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Environmentally Unfriendly Consumption Behaviour: Theoretical and Empirical Evidence from Private Motorists in Mexico City

Alva González, Miguel Ángel (2008): Environmentally Unfriendly Consumption Behaviour: Theoretical and Empirical Evidence from Private Motorists in Mexico City.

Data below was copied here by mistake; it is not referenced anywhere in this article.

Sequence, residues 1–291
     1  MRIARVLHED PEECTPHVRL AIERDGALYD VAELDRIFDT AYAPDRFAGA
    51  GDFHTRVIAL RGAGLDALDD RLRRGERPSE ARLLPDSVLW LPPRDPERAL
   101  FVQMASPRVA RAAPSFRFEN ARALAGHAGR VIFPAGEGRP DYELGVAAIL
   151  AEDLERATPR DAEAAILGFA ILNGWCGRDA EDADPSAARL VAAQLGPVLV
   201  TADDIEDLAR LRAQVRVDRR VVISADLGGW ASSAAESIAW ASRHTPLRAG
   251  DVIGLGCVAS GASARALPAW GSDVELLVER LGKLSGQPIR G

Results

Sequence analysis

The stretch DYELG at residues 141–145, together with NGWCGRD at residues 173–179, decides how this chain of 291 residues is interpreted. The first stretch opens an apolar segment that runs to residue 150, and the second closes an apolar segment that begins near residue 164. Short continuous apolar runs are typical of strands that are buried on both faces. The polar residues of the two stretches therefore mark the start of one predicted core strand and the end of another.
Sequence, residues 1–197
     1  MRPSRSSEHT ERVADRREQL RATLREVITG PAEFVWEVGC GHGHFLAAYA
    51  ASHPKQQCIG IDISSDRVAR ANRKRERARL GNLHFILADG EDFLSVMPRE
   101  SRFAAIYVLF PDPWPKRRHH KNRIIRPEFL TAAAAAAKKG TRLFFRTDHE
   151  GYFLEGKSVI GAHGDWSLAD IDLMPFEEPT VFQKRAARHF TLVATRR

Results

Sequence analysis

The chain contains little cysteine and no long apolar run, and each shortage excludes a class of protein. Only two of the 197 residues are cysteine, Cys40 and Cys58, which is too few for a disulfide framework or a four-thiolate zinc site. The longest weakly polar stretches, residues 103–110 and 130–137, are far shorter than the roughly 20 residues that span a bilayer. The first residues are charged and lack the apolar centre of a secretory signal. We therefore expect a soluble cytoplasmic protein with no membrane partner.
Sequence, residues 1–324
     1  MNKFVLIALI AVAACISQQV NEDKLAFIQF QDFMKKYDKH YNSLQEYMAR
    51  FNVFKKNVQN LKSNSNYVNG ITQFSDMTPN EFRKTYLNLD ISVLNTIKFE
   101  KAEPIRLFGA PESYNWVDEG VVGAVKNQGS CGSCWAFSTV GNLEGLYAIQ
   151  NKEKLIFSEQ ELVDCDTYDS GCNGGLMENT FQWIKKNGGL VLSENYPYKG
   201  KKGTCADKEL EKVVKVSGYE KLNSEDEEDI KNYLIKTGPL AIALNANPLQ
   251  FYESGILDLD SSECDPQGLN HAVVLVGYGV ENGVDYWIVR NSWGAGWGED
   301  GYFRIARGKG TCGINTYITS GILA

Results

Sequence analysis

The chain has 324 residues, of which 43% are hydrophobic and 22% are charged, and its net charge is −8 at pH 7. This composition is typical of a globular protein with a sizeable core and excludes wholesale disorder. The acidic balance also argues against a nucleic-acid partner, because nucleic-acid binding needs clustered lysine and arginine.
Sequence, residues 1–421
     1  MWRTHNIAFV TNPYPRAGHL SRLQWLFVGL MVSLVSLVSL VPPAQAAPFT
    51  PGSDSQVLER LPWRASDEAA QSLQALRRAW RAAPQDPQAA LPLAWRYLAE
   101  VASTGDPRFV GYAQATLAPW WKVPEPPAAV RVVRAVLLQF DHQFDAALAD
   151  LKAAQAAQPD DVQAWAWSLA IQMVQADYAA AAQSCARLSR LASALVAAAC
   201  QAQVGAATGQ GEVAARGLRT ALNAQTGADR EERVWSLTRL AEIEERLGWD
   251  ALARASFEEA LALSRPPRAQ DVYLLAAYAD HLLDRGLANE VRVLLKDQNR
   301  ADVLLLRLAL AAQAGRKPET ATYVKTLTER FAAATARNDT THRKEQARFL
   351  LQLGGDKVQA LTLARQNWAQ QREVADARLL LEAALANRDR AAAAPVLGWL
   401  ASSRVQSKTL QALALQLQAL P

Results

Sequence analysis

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This dissertation treats the topic of environmentally unfriendly consumption behaviour in relation to air pollution and the use of automobiles in Mexico City by analyzing three related aspects: i) relevant factors of driving patterns, ii) differences in the extent of pollution arising from environmentally friendlier vehicle use, and iii) the attitude of private motorists regarding the adoption of environmentally friendlier behaviour. The research includes not only economic but also social considerations. The specific objectives are to a) determine driving patterns specific to the Distrito Federal (core of the Mexico City Metropolitan Area), b) assess the behaviour of the driver regarding vehicle use and c) assess the conditions under which a switch to environmentally friendly alternatives related automobile use is possible. These objectives are analyzed using the approach of the Lancaster model of consumer behaviour with quantitative (the Distrito Federal’s Vehicle Verification Program 2003-2004 information) and qualitative (a Mexico City’s 2006 survey about consumers’ car preferences) data in three regression models: linear, logit and multinomial logit. The findings of the research are compared with the results of other related studies and with programs that have been implemented to date. The study demonstrates that several structural and behavioural factors determine the level of impact that private motorists have on urban air pollution. Also, it is demonstrated that the relation that motorists have with their vehicles revolves around function and use rather than simple ownership. In this sense, the more important results are that factors like income or purchase price do not explain automobile use; attitudes or personal attributes explain the behaviour much better than purely economic factors or the vehicle itself. One main conclusion is that the program implemented thus far to control vehicle use and alleviate air pollution in Mexico City has actually contributed to increased automobile use. In general, the approach applied demonstrates that sociological context is an intrinsic part of motorist choices regarding vehicle use, and that perceptions and attitudes influence motorists decisions.

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